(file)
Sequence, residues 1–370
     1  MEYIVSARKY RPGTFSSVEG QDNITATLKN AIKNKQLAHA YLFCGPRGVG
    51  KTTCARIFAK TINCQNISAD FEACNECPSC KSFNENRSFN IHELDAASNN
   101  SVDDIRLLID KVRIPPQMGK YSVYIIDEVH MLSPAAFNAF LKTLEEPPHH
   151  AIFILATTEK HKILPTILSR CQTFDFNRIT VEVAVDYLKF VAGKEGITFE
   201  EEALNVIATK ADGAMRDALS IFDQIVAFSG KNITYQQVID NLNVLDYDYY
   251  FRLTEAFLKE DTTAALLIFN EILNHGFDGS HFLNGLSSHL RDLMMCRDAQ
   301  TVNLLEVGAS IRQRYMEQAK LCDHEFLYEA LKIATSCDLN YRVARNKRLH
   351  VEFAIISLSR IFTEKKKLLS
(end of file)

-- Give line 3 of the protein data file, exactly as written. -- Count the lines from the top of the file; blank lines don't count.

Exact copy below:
    51  KTTCARIFAK TINCQNISAD FEACNECPSC KSFNENRSFN IHELDAASNN